ACC Tournament History In Brief

David Glenn

Why do so many make such a big fuss over the ACC Tournament returning to Greensboro?

Well, the league’s 67-year-old, crown-jewel event has been held at the Greensboro Colise­um 27 times, far more than at any other venue, and—through decades of objections from many out-of-state schools and fans—a huge majority of North Carolinians like it that way.

Many coaches do, too.

“I love Greensboro,” Duke coach Mike Krzy­zewski said. “It’s where I grew up (as a coach). A lot of amazing memories, wins, amazing wins, tough losses, great games.

“When I think of Greensboro, I think of the ACC and the magnificence of our conference. It’s a showcase. Other venues have been good. I’m not sure any venue showcases our basketball for the ACC as well as Greens­boro, because everyone who’s there and the city itself, they embrace it.”

Six of Coach K’s record 15 ACC championships, including his first in 1986, have been claimed in Greensboro.

“It’s really like history. They get it (in Greens­boro). They get it. It’s not just current,” Coach K said. “There will be a lot of talking about, ‘Remember in 1970. Remember in ’86.’ I remember ’86. I can remember beating Bobby Cremins’ (Georgia Tech) team, an amazing game, and hugging Johnny (Dawkins), and that was our first ACC Tournament championship, and we’ve won a number of them since then.”

Cremins, a New York native who led Geor­­gia Tech to all three of its ACC championships, participated in the ACC Tournament as a player for South Carolina (a league member from 1953-71) and coached in 19 more with the Yellow Jackets, from 1982-2000.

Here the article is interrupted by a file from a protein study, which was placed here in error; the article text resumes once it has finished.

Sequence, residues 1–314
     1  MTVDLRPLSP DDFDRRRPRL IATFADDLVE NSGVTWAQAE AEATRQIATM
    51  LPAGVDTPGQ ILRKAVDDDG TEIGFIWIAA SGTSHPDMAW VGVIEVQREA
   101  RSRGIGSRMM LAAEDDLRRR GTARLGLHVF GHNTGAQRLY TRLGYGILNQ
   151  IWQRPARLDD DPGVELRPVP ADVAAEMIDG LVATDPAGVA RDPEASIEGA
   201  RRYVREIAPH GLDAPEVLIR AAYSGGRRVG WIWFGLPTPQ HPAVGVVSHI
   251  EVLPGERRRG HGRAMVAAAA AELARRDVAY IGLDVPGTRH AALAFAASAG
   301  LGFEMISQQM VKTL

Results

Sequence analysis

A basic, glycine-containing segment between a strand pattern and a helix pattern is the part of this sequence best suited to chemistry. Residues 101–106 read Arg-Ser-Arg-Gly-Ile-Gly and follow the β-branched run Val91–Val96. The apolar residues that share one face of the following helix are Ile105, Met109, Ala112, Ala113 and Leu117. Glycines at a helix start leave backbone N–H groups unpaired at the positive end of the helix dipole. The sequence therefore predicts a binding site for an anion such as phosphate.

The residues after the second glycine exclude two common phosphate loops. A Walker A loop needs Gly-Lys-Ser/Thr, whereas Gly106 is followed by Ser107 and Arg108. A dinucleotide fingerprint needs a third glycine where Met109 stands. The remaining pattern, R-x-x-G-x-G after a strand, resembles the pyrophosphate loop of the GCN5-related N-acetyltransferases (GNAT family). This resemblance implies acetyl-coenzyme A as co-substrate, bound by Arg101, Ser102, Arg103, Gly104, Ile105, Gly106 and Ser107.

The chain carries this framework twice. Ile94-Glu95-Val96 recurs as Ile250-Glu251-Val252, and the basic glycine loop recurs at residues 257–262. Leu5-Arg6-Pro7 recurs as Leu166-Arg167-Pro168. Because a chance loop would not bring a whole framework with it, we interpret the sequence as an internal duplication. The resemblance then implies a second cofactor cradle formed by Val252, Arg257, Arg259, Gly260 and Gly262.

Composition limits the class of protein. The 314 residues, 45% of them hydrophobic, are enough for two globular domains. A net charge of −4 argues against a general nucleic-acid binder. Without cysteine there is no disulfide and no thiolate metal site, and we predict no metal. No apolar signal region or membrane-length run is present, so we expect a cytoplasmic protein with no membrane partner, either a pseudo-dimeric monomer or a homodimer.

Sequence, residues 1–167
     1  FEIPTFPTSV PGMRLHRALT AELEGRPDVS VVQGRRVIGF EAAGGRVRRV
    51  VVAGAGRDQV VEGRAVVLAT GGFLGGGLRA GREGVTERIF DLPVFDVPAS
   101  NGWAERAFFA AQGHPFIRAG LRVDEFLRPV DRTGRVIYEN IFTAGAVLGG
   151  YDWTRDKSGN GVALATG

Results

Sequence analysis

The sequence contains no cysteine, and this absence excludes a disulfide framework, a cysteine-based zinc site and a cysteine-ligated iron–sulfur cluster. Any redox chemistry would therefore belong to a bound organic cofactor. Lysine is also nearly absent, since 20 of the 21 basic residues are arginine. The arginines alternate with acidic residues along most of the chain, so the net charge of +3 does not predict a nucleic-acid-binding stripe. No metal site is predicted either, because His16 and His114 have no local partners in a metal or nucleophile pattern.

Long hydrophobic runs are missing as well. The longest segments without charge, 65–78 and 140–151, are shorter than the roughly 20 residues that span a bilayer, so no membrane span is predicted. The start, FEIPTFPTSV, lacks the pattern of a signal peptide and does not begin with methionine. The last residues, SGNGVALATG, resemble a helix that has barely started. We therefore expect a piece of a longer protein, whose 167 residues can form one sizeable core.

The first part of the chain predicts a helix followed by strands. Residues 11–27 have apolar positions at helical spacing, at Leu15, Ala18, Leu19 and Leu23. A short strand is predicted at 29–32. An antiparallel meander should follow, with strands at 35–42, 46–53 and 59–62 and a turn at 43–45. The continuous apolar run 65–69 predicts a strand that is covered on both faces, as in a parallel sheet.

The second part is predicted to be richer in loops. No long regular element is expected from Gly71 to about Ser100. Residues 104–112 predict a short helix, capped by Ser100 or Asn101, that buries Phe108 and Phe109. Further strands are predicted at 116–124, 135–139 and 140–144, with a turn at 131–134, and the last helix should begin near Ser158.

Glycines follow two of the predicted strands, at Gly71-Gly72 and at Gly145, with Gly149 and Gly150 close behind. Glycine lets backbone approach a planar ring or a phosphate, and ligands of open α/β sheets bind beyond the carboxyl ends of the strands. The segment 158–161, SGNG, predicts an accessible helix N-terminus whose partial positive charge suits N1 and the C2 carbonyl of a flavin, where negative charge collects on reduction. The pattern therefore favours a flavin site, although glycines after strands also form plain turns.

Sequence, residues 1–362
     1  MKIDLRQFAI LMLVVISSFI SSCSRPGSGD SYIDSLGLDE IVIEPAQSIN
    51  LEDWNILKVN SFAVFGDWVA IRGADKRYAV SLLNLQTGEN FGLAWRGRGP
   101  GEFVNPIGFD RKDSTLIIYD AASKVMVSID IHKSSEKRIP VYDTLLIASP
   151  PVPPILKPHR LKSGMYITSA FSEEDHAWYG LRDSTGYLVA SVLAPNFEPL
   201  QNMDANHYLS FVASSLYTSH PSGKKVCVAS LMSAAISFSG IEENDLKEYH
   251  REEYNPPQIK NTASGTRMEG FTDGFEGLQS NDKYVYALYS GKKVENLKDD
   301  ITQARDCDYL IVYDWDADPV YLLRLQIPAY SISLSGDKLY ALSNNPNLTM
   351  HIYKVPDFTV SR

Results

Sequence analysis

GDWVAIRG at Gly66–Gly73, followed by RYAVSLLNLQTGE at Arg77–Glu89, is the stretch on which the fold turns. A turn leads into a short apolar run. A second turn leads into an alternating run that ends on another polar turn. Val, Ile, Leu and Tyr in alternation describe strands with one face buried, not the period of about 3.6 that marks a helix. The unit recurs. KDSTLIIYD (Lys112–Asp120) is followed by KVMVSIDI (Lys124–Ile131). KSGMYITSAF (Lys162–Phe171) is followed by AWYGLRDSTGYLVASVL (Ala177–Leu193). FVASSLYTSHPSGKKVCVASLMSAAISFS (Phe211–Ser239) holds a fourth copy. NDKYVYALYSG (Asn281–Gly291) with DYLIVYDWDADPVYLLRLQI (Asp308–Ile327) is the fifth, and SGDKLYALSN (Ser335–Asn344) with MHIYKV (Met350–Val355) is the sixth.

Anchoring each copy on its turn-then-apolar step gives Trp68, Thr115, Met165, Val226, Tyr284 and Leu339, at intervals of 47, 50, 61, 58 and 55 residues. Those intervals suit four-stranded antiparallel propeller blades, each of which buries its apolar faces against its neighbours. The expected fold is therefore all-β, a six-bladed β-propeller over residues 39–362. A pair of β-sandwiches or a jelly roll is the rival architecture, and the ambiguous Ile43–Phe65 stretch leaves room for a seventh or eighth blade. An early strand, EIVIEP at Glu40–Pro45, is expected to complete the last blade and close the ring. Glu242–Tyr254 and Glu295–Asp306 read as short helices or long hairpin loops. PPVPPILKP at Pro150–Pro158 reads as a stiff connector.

While Cremins calls Greensboro the ACC Tournament’s “home,” he said he also remembers the intense debates at league meetings almost four decades ago, when many coaches, athletic directors and fans from schools located outside North Carolina called for change.

The first 13 ACC Tournaments were held on NC State’s home court at the time, Rey­nolds Coliseum in Raleigh. The next nine were held in Greensboro, where the ACC always has had its headquarters, or Charlotte. So that made 22 in a row on North Carolina soil.

Eventually, the ACC Tournament did visit the Capital Centre (first time in 1976) in Land­over, Md., and the Omni (first time in 1983) in Atlanta.

Still, through 2000, of the first 47 ACC Tournaments, 41 (about 87 percent) were held in North Carolina, home to Duke, NC State, UNC and Wake Forest.

“It came to be viewed as a matter of fairness and respect,” Cremins said. “There was a lot of talk about the four North Carolina schools having a home-court advantage, and of course those schools were winning most of the time, too, and that caused a lot of resentment.

“More recently, especially with conference expansion, and now a 15-team league, I think it started to make even more sense to move the tournament around more, and they’ve done that.

“Personally, I love the revolving door. As a New York guy, I enjoyed seeing it in Brook­lyn a couple years ago. As a Georgia Tech guy, I like seeing it in Atlanta from time to time. I think a lot of others feel that way, too, for their own reasons.